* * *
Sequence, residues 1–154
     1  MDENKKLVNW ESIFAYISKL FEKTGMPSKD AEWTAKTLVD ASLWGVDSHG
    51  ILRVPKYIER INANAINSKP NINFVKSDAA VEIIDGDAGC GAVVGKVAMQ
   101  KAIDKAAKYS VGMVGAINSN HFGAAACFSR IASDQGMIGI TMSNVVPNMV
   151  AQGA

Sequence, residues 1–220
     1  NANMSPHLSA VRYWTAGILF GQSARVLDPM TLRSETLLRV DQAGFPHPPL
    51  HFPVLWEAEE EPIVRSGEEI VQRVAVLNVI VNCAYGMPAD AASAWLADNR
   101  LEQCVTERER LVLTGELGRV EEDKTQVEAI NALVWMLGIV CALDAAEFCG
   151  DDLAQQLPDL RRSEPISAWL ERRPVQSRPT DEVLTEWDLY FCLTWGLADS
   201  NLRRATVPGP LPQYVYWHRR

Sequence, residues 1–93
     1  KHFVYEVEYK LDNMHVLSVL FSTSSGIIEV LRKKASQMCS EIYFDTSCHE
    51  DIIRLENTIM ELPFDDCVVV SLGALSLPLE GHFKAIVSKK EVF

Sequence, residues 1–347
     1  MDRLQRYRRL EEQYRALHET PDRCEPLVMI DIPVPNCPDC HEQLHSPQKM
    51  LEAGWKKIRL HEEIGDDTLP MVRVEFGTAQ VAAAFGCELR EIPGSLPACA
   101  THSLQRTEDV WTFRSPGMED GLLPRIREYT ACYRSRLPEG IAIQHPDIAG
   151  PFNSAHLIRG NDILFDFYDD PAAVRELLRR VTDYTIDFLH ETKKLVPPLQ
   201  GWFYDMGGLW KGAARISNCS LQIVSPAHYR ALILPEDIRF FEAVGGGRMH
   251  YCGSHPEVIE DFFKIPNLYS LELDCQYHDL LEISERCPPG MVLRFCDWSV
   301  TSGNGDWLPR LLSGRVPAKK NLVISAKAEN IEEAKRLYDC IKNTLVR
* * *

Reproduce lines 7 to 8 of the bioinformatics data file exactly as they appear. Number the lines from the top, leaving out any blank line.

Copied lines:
     1  NANMSPHLSA VRYWTAGILF GQSARVLDPM TLRSETLLRV DQAGFPHPPL
    51  HFPVLWEAEE EPIVRSGEEI VQRVAVLNVI VNCAYGMPAD AASAWLADNR